Why value added works
Value added is a hot topic right now. With levels removed, VA is now the Department for Education’s only measure of progress and, consequently, its profile has been raised.
Of course, VA has been around for years but its status has always been overshadowed by levels because a) floor standards were linked to levels of progress, and b) hardly anyone understood VA. But now, with floor standards for both primary and secondary schools based upon VA thresholds, everyone understandably wants to know how it works.
VA works as follows: each pupil’s score at key stage 2 is compared against a national average KS2 score for pupils with the same key stage 1 Average Point Score (APS).
But we could just as easily do away with KS1 APS and replace it with something else – a colour, a letter, a symbol. Anything that enables you to group and identify pupils by their prior attainment.
Analogy time: imagine you enter a 10K race. When you register you are asked what pace group you’d like to be put in: slow, medium, fast. You’re a keen runner so you choose to go in the fast group and are handed a green vest to wear. Obviously, the medium-pace runners wear orange vests, and the slower group wear red (everyone loves a RAG-rating system).
You feel good that day, having trained hard, and run your race in 41 minutes. You’re thrilled because you’ve run a PB and you’re 10 minutes faster than the average time that day. Unfortunately, that’s not what the race organisers are interested in; they’re interested in how your time compares against the average time for the green vest group, which happens to be 37 minutes. Despite being above average overall, you are four minutes down in terms of your group.
At one end we have a vest colour and at the other a finishing time. I do not need to convert the colour into a time or the time into a colour to complete my analysis. The data at either end does not need to be in the same format.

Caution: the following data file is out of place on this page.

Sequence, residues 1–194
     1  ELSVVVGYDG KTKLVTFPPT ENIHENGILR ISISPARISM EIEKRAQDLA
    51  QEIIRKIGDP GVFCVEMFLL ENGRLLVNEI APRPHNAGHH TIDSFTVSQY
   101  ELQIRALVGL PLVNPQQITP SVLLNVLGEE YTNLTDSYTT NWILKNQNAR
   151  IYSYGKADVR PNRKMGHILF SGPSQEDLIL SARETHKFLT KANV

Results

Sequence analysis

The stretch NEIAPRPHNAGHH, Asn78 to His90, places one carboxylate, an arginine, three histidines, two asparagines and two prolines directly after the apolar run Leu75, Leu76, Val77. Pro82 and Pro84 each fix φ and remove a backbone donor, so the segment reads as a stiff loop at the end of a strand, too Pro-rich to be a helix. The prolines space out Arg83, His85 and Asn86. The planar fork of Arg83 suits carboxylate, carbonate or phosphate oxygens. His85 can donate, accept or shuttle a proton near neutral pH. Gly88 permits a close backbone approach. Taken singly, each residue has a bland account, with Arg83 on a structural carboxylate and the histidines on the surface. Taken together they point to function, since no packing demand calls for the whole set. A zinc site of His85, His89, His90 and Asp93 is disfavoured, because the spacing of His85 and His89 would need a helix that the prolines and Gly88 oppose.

Value added is no different. We just need a way of grouping pupils by prior attainment so we can compare their results against those of similar pupils.
I just don’t recommend we use vests.
This is a change for the better. Historically, there has been a conflict between the two progress measures because they were not linked – VA did not depend on pupils making so-called expected progress. Primary schools, therefore, could easily end up with negative VA scores despite the majority of pupils having made two levels of progress between KS1 and KS2.
Now, rather than a blanket expectation based on levels of progress between key stages, pupils are compared against other pupils nationally with similar start points. There is no longer a universal expected rate of progress – it differs from pupil to pupil, subject to subject, year to year.
Students get to run their own race.
James Pembroke founded Sig+, an independent school data consultancy, after 10 years working with the Learning and Skills Council and local authorities www.sigplus.co.uk